Teen Health Course 3

Chapter 12: Alcohol

Student Web Activities - Teacher Content

Lesson 4

  1. Alcohol depresses your central nervous system, lowers your inhibitions, and impairs your judgment.

  2. Research shows that 70 percent of people ages 12-20 have not had a drink in the past month.

  3. Some signs that a friend might have a drinking problem include:

  4. a. Getting drunk on a regular basis.
    b. Lying about how much alcohol he or she is using.
    c. Believing that alcohol is necessary to have fun.
    d. Having frequent hangovers.
    e. Feeling run-down, depressed, or even suicidal.
    f. Having "blackouts" or forgetting what he or she did while drinking.
    g. Having problems at school or getting into trouble with the law.

  5. Teens cannot safely drink even though their parents can because their bodies are still developing and alcohol has a greater impact on their physical and mental well-being.

Additional Resources for Teachers

Below are some additional resources on alcohol prevention and community efforts.

  1. U.S. Department of Health and Human Services:
  2. Teens Health:
  3. Family Doctor:
  4. Marin County Teen Efforts:
Lesson 5

  1. Negative reasons for drinking alcoholic beverages are to:

  2. a. Escape from tension or worries.
    b. Block out painful feelings such as fear, loneliness, and self-doubt.
    c. Attempt to relate better to people.
    d. Substitute it for meaningful relationships with people.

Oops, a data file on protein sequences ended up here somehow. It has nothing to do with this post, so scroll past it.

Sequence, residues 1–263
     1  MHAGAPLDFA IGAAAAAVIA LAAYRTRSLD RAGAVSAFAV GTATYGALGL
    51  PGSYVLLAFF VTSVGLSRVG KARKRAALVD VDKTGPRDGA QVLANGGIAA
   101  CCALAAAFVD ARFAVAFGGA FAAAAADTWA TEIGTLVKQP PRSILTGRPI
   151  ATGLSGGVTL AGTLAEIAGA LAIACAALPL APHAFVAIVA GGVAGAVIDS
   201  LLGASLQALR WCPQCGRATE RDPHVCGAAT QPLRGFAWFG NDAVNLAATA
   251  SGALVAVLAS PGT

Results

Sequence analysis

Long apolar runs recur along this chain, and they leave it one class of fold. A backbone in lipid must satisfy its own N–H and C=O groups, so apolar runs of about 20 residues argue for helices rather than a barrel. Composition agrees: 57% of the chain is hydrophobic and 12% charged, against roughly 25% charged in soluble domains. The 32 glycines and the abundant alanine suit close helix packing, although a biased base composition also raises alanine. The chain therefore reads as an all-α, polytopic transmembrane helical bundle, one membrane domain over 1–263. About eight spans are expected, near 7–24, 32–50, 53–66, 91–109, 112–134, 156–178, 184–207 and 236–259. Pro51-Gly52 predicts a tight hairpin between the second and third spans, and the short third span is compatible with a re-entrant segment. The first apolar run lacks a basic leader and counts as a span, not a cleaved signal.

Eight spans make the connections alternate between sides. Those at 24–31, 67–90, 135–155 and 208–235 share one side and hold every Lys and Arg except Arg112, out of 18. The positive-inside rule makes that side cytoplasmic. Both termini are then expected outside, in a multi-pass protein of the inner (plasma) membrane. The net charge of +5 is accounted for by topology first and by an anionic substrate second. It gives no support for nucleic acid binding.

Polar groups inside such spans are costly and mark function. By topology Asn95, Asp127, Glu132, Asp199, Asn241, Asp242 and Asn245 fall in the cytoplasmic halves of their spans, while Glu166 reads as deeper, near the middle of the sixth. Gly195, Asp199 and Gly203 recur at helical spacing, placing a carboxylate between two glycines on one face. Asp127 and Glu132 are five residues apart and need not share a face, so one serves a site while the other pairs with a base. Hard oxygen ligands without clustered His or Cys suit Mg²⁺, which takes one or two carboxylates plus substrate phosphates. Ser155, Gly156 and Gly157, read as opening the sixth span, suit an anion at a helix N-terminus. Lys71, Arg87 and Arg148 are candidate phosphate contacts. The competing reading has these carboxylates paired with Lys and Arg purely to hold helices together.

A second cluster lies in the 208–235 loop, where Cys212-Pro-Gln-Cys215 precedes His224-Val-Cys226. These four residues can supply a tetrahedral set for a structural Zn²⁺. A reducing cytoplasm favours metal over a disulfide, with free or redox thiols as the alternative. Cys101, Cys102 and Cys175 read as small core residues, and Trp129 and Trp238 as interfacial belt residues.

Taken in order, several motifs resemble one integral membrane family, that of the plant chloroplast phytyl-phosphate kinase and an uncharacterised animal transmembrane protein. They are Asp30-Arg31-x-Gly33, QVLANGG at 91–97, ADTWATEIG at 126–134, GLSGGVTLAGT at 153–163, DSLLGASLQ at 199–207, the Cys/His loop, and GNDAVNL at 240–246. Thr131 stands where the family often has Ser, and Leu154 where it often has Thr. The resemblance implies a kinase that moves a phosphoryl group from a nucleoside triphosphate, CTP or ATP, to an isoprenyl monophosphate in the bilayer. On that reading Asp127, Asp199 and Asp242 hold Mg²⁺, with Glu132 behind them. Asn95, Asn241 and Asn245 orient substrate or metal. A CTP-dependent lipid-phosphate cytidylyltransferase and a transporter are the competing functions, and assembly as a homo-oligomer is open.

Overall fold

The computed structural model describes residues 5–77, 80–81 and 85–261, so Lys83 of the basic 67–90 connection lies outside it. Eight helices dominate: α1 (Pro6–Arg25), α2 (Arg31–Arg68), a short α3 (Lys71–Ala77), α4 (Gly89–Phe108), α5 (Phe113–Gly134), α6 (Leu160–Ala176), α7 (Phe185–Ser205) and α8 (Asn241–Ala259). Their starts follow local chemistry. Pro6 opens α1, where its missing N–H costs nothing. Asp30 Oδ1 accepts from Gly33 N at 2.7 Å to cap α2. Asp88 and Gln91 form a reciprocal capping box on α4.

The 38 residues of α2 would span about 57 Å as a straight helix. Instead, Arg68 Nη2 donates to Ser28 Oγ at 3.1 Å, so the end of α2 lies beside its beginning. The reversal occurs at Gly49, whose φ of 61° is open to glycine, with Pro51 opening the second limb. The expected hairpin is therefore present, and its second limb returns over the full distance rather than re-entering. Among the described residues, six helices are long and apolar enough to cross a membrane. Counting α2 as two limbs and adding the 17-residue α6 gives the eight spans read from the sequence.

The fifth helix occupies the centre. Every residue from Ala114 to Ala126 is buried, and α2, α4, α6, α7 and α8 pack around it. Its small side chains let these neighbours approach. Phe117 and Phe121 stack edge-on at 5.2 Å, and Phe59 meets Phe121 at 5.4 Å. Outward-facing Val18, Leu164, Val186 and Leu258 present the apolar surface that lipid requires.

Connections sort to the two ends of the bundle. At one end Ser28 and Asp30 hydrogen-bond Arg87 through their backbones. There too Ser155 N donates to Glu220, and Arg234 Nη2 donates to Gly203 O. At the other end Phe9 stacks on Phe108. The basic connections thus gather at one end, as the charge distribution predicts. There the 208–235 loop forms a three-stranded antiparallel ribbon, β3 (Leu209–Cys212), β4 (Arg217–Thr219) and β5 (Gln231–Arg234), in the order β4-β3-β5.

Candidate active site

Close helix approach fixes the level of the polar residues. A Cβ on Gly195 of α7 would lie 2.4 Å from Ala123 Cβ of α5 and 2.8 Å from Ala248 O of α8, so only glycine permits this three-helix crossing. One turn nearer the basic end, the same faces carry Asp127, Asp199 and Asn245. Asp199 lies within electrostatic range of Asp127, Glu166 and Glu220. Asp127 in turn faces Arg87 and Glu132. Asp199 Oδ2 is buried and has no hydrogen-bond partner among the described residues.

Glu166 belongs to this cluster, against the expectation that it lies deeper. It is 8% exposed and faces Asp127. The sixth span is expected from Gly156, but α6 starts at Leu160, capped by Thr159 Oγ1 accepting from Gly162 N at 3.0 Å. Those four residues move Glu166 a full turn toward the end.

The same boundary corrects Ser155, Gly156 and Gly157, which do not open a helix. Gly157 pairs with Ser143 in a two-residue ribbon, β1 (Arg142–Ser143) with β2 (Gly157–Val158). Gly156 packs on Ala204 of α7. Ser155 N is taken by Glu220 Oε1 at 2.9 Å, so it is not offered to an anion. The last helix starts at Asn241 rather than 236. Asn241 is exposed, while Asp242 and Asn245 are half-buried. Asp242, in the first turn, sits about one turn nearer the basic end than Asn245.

e. Find courage or strength to face certain situations.

  3. A social drinker has control over when, where, and how much he/she drinks. An alcoholic has lost this ability, and after beginning to drink, usually drinks to intoxication.

  4. Denial occurs when a person refuses to believe that alcohol-related symptoms are caused by excessive drinking

  5. You can help an alcoholic who does not want help by:

  6. a. Learning as much about alcohol, alcohol abuse, and alcoholism as you can.
    b. Talking to the person about how their behavior changes when he/she drinks.
    c. Offering hope.
    d. Being patient and encouraging.
    e. Not ignoring the problem and hoping it will go away.

Additional Resources for Teachers

Below are some additional resources on alcoholism. It would be especially helpful to talk with students about how to cope with parents, relatives, or close friends who have a drinking problem.

  1. Alcohol and the Teen Brain: http://www.duke.edu/~amwhite/Adolescence/
  2. Ala-non and Ala-Teen: http://www.al-anon.org/
  3. Children of Alcoholics Foundation: http://www.coaf.org/family/familymain.htm
  4. U.S. Department of Health and Human Services: http://www.health.org/govpubs/phd688/
Glencoe Online Learning CenterHealth HomeProduct InfoSite MapContact Us

The McGraw-Hill CompaniesGlencoe